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The Persian Fritillary was introduced into English gardens in the late sixteenth century, but at the time did not capture the same attention as its cousin, the Crown Imperial Lily. This Fritillary’s unusual, deep violet blue flowers are perhaps more appealing to modern tastes. Bernard McMahon, Jefferson’s gardening mentor, listed the Fritillaria persica on his 1810 broadsheet.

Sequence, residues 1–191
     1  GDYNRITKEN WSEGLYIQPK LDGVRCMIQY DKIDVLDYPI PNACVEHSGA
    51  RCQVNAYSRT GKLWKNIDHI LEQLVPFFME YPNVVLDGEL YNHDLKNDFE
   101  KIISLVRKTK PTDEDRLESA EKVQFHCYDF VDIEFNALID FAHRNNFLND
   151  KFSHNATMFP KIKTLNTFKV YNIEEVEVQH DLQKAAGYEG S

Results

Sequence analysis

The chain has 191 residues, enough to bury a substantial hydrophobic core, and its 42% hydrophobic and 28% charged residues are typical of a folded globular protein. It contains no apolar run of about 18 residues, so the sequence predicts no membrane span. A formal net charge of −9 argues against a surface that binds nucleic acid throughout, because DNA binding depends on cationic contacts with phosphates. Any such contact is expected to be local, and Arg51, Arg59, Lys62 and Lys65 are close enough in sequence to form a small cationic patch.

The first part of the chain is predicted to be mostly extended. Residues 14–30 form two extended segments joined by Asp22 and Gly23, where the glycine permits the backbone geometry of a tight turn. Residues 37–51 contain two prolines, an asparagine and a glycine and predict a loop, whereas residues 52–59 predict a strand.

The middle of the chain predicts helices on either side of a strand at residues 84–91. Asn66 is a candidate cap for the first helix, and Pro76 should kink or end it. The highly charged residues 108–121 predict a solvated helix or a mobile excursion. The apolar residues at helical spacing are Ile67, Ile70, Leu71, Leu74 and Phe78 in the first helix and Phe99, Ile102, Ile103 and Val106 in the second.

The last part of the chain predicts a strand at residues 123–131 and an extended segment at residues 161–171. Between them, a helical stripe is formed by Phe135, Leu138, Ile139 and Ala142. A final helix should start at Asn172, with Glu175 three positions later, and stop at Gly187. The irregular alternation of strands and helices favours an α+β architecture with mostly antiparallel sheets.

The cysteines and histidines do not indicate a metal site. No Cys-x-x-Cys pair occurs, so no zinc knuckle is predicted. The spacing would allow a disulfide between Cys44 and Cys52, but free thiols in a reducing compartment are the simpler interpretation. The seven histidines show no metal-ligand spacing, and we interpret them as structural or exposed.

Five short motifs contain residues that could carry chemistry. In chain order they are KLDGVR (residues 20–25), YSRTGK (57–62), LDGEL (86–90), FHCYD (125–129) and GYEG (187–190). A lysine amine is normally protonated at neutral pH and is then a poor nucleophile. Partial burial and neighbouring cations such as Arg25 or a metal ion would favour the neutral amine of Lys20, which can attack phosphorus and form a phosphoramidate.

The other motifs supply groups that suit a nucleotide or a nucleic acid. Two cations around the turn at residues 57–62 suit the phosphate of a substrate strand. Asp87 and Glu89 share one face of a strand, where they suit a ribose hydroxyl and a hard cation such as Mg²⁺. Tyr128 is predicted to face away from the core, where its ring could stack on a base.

This hardy bulb produces a two- to four-foot spike with glossy, blue-green foliage that features showy, bell-shaped, dusky purple flowers in mid-spring. Plant in a sunny, well-drained site, covering with 6-8 inches of soil. Best if lifted after foliage dies back and kept warm and dry. Replant in autumn.